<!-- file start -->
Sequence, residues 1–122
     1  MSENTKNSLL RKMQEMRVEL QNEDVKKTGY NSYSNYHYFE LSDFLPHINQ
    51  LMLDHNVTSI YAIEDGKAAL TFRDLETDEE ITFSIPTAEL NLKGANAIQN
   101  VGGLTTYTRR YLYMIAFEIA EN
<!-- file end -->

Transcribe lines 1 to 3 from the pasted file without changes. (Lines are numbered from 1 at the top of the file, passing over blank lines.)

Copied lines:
Sequence, residues 1–122
     1  MSENTKNSLL RKMQEMRVEL QNEDVKKTGY NSYSNYHYFE LSDFLPHINQ
    51  LMLDHNVTSI YAIEDGKAAL TFRDLETDEE ITFSIPTAEL NLKGANAIQN